The Cultural Gourmet Run
By Alex Molocznyk. Photos by Gloria Wade & Vyvyan Black
Colin McKay did a sterling job of organising a day run into Northern NSW stopping at the Tweed Gallery and continuing to Mavis’s Kitchen for lunch.
Despite predictions of rain for the day some twenty shiny sparkly cars rolled up to the start at Nerang. The beautiful S1 Elans were conspicuous by their number among the assortment of Lotus models together with a representative of marques from Germany, Japan and the prancing horse of Italy. A sole clubman laughing in the face of the elements ran true to form without a top while passenger Emma had to contend with the forward brace of the roll protection pressing against the side of her beautiful face. Spartan lot those clubbies but in dire need of therapy. At the opposite of the comfort scale was the luxurious Carlton that seemed to have correct mix of performance and style for a run of ease. No living in hole in road for the likes of them.
While waiting at the start someone came along and opened a shed behind the parked cars and revealed the rear of a restored WWII Blitz Gun Tractor. It was a magnificent beast of a vehicle restored by group of military vehicle enthusiasts over period of six years. Appreciation of the efforts that go into the resurrections of rusted conglomerations of mechanical bits to their former glory had our members closely inspecting the unique leviathan. Thanks to the guys of the Logan & Albert Volunteer Battalion for sharing their passion with us and providing such an interesting unplanned diversion.
The rain held at bay along the picturesque route through the hinterland and into the misty hills across the border of QLD and NSW with only three swipes of the wipers required for some rain at the top of the ranges. Patches of sunshine added interest to the scenery. The road was a mix of wet and dry sections without the greasy slipperiness in the wet sections to detract from the enjoyment of the run.
As the consequence of the myriad of speed zone changes in NSW combined with the diligence of the patrolling fund raisers one of the convey received an infringement that required a contribution to their state revenues. Reliable sources allege that the driver who for reasons to protect the embarrassed shall not be named is a male offspring of the incumbent Club President and his lovely photographer wife. The car he was driving is of Bavarian persuasion so fortunately will not reflect adversely on the impeccable reputation of the Lotus drivers. The driver said he had to slow down because some ducks were crossing the road (playing the eco-sympathy card?) then was pinged accelerating out of a bend to catch up with the run. On closer inspection of the infringement notice it appears the issuing officer must be colour blind as the colour of the vehicle was written down as brown whereas it is black as the inside of an exhaust pipe.
A stop at the Tweed Regional Gallery was an outstanding extra to the routine cafe stop. Touches like undercover parking (a bonus as it rained while we were at the gallery), the modern architect designed building, the sublime view of the Tweed Valley and the diverse art collection combined with a superb fresh baked lemonade scone morning tea made this a memorable stop. It has to be the best regional art gallery in the country. While it has a stunning collection and exhibition its jewel in the crown is the Margaret Olley bequest. Although it was quite a lengthy stop there is so much to enjoy that it warrants another more leisurely visit and some the club members mentioned they go there regularly from Brisbane for breakfast.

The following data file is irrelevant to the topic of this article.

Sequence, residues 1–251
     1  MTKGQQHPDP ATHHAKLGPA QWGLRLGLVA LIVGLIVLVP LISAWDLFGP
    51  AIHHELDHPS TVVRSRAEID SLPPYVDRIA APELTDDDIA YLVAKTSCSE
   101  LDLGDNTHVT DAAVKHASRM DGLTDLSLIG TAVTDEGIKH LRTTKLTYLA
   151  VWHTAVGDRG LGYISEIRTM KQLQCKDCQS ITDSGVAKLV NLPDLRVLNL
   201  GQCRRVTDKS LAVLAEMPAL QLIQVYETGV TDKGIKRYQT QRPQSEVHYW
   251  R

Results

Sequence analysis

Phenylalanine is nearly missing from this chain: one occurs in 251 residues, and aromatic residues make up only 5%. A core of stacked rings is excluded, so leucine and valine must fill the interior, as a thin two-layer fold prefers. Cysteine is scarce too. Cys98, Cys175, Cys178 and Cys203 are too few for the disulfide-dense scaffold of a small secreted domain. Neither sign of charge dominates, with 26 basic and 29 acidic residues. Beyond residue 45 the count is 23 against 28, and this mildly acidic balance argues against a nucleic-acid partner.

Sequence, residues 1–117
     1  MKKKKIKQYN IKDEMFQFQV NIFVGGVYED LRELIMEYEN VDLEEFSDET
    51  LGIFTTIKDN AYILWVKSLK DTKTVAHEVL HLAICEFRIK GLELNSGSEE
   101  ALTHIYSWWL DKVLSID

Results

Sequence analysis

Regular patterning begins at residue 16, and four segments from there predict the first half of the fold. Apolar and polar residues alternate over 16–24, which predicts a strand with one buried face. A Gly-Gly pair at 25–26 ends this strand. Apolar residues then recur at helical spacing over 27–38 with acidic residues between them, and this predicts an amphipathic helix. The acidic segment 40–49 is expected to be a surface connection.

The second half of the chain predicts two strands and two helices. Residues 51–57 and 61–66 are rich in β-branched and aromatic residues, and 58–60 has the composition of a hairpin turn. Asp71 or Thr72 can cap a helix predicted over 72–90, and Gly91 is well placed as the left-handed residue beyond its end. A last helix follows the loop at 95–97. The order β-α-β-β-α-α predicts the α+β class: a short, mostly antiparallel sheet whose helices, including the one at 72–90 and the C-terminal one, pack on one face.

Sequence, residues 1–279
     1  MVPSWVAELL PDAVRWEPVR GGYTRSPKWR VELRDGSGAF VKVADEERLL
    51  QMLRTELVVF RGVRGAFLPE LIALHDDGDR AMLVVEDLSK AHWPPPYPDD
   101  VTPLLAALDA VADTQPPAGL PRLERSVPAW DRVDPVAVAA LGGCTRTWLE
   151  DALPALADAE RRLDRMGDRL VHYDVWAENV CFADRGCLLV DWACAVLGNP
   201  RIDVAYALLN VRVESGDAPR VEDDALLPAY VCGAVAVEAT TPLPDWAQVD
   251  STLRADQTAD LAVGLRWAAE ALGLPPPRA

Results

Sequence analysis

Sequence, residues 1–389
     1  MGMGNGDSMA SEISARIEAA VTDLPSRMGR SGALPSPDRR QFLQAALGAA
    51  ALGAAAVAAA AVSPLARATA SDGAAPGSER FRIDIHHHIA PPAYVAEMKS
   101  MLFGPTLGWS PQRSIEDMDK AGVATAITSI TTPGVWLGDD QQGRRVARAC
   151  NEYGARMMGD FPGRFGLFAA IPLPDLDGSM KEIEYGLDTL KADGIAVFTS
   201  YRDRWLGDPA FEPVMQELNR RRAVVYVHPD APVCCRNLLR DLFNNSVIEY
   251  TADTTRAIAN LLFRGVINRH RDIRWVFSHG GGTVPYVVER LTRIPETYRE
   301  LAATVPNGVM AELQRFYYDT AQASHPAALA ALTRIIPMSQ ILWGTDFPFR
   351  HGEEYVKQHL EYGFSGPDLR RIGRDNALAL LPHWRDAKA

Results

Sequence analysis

The rain had stopped and it had warmed up sufficiently for layers of clothing to be shed for the next part of the run continuing via a scenic route through Stokers Siding to Mavis’s Kitchen. Now set in a luxuriant garden near Uki the restaurant and function centre is an Old Queenslander originally from the Gold Coast and relocated to Uki much to Qld’s loss and NSW’s gain. The number of cars already in the carpark when we arrived verified the popularity of the venue. They turned on a fabulous winter lunch of wild caught barramundi or slow cooked lamb shanks with a delicious pork and fennel sausage and for dessert lavender and earl grey brulee or apple strudel. The service and food were excellent particularly taking into consideration that the restaurant was full and our large party had arrived late.
The combination of two amazing venues made a successful day of culture and gastronomy and all who went appreciated Colin’s choice, organisation and efforts.
The cars thrived in conditions similar to the unpredictable weather of Old Blighty with no miscreant mechanical gremlins even in a well known recalcitrant Esprit. A round of thanks goes to Derrick for a great job running as Tail End Charlie. Walkie talkies provided by Colin proved to be invaluable for co-ordination between the lead and tail cars and a number of comments were made that the Club needs to consider investing in some for future runs.
It was a perfect way to spend a wintery solstice Sunday.